Give us your elevator pitch: what’s your book about in 2-3 sentences?
Mina is staring over the edge of the George Washington Bridge when a patrol car drives up. She tries to convince the officers she’s not about to jump but they don’t believe her. Her husband, Oscar is called to pick her up—the book is about what happens next.
Which character did you most enjoy creating?
Phoebe—The woman who Mina meets in London and begins to develop feelings for.
The book fairly closely follows Mina and Oscar’s points of view. They see Phoebe quite differently. To Mina Phoebe is new and shining, artistic, and tempting. To Oscar she is a childhood crush who he is no longer impressed by. Seeing her from both points of view allowed her to be a full person.
And, which character gave you the most trouble, and why?
Oscar. I always knew the sort of man he was—hardworking, loves his wife, but often trying to shut down or look away from his own emotions. In early drafts, only his strength came through. It was hard to show the fear and vulnerability of a man who was doing so much to try to hide those qualities. In the end, I found the best way to do it was to show his attempts to overcome or to bury those feelings.
Tell us a bit about the highs and lows of your book’s road to publication.
This book was part of a two-book deal in the UK so I knew it would have a home somewhere in the world. But I didn’t realize how hard writing it would be.
In between this book and my first novel, Harmless Like You, I wrote an entirely different novel. And it just wasn’t working. I sent it to friends, I edited it, I moved pieces around. Finally, I realized that it wasn’t ever going to be right. So, I tore it up and began again.
I thought about what questions were most important to me, what pressed on my mind and wouldn’t let go. From this, Starling Days and its questions about how to best to love someone who is sick, how to repair a life, and how to hold onto one another in the hardest times emerged.
What’s your favorite piece of writing advice?
Find what interests you. If you find something boring or stale, then so will the reader. Write towards what excites, interests, confuses, or angers you. Write to where your energy is.
My favorite writing advice is “write until something surprises you.” What surprised you in the writing of this book?
I was surprised by how much technology became part of the book. I realized that because we can always be connected it makes disconnection a dramatic act in and of itself. Oscar and Mina could theoretically always be in touch and know everything about each other. Towards this goal Oscar makes Mina download a tracking app onto her phone. I’d often been told that phones reduced dramatic tension e.g. Romeo could just have texted Juliet. But I found that by adding a form of communication I was also adding a means of miscommunication—of silences, secrets, and half-truths.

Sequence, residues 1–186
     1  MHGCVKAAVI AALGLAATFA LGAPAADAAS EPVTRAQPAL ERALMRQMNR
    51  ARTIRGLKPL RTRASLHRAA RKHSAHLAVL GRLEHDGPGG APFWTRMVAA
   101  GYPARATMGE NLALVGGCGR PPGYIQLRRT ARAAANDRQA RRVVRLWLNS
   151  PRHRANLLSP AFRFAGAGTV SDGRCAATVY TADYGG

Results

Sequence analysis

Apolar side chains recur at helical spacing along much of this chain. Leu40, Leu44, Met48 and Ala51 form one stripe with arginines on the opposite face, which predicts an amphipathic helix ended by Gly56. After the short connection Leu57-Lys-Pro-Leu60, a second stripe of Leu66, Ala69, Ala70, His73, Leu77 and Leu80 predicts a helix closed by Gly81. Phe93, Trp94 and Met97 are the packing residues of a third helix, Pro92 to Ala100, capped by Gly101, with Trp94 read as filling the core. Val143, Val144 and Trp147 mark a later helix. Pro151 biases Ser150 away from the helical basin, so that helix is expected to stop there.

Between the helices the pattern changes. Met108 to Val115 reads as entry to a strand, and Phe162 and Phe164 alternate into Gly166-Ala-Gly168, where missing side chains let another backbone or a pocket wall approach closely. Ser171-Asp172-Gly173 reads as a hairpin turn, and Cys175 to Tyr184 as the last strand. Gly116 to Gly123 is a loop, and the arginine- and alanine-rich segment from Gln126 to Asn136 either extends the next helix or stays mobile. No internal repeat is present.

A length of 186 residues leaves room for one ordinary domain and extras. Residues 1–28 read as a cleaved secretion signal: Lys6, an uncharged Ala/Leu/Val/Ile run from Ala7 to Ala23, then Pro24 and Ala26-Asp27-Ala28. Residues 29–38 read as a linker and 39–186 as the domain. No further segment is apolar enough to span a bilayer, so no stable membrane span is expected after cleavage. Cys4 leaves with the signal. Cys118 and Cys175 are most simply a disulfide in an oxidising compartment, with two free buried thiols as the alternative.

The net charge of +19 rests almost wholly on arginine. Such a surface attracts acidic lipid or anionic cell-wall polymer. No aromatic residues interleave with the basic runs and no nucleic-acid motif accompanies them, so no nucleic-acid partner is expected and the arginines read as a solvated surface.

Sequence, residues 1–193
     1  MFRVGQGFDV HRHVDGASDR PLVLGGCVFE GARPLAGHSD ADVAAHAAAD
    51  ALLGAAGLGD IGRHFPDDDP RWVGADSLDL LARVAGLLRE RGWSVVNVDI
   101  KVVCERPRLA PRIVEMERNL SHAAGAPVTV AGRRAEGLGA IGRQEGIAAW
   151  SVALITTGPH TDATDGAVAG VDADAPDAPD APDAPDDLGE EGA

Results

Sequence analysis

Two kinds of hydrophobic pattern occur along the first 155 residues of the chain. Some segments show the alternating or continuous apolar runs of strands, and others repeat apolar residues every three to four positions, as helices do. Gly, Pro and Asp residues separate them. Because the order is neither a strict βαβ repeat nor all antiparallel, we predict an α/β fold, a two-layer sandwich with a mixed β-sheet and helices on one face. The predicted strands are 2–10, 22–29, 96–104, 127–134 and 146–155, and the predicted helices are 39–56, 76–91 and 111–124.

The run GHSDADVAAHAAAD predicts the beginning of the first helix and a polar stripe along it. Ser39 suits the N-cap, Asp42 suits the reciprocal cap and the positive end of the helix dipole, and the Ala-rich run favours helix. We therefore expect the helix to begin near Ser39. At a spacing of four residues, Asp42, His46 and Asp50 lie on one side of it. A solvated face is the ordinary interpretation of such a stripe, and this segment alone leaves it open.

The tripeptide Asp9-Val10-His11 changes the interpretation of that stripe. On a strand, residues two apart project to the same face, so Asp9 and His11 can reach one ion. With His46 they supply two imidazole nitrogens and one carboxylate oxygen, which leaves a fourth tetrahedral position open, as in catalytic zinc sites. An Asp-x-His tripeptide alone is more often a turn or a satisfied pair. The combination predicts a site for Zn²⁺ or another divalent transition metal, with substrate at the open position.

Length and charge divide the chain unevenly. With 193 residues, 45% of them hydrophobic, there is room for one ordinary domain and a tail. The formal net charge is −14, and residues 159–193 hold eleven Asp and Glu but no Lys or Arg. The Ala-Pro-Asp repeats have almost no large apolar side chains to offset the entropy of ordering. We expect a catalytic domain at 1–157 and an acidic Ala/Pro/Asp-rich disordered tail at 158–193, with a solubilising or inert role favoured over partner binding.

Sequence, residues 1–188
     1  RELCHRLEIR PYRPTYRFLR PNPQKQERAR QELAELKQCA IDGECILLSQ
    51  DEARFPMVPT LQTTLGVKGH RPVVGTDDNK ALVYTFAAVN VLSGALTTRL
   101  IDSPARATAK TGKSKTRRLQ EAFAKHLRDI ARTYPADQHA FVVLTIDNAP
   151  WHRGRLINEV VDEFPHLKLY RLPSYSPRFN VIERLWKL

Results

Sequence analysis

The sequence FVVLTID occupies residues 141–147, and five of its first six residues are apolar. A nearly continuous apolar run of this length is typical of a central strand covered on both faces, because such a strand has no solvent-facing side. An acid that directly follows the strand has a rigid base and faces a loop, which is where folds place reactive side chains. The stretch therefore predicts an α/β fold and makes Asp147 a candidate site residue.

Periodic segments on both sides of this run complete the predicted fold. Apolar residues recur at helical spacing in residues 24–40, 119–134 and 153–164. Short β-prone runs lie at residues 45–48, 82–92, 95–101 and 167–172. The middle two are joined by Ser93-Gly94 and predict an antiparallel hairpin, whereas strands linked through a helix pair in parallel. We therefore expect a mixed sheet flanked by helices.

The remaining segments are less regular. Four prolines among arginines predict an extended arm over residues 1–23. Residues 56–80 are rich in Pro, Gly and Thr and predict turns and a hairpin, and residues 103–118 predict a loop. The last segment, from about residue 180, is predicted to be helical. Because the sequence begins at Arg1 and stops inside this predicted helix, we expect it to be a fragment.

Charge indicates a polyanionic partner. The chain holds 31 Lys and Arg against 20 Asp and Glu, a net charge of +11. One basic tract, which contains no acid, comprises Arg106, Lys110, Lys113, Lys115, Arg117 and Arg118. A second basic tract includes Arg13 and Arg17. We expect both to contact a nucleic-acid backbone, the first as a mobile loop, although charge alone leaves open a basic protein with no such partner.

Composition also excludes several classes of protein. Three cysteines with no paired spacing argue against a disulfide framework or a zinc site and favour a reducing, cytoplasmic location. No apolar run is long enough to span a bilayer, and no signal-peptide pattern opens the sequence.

How did you find the title of your book?
The title Starling Days came to me from a particular moment in the book: one when Mina is looking up into the sky and imaging a new future. But it also symbolizes the struggle of both characters.
Ancient Roman augurs (religious officials) looked to the flight of birds as one of the ways to determine what the future might be. Both Mina and Oscar are both desperately trying to understand what their futures might hold. Each, in their own way, is looking for signs. Oscar looks to business plans and to family history. Mina tries to understand moment by moment, day by day what her brain is doing and to understand this she goes to medicine, love, and because she is a classicist, she looks to Greek and Roman legends.
Inquiring foodies and hungry book clubs want to know: Any food/s associated with your book? (Any recipes I might share?)
An incomplete list of things consumed in Starling Days:
Toast with French butter
Hot water and lemon
Almond Milk Matcha Latte
1/3 teaspoon matcha powder
½ teaspoon honey
40ml boiling water (1.35 fl oz)
10ml cold water (0.35 fl oz)
250 ml almond milk (8.5 fl oz)
Microwave or stovetop
Milk frother (helpful but not required)
1. In a large mug or small bowl combine waters so that they are hot but not boiling.
2. Add honey and matcha to the water. Whisk until you can no longer see clumps of green.
3. Heat almond milk until it’s bubbling on the stove or for 40 secs on high in the microwave.
4. Then froth. I use this milk frother: https://www.bodum.com/gb/en/1446-143b-latteo (You can skip this step for a smoother less fluffy drink.)
READ MORE ABOUT THIS AUTHOR: www.rowanhisayo.com
READ MORE ABOUT THIS PUBLISHER: https://www.abramsbooks.com/product/starling-days_9781419743597/
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